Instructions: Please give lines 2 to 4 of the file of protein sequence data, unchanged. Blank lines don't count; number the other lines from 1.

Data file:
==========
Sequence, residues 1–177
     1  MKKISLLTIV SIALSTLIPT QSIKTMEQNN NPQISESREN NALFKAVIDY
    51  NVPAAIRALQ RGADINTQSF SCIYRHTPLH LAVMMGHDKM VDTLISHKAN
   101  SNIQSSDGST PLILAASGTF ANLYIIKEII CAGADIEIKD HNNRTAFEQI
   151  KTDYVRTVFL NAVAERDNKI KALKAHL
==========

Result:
     1  MKKISLLTIV SIALSTLIPT QSIKTMEQNN NPQISESREN NALFKAVIDY
    51  NVPAAIRALQ RGADINTQSF SCIYRHTPLH LAVMMGHDKM VDTLISHKAN
   101  SNIQSSDGST PLILAASGTF ANLYIIKEII CAGADIEIKD HNNRTAFEQI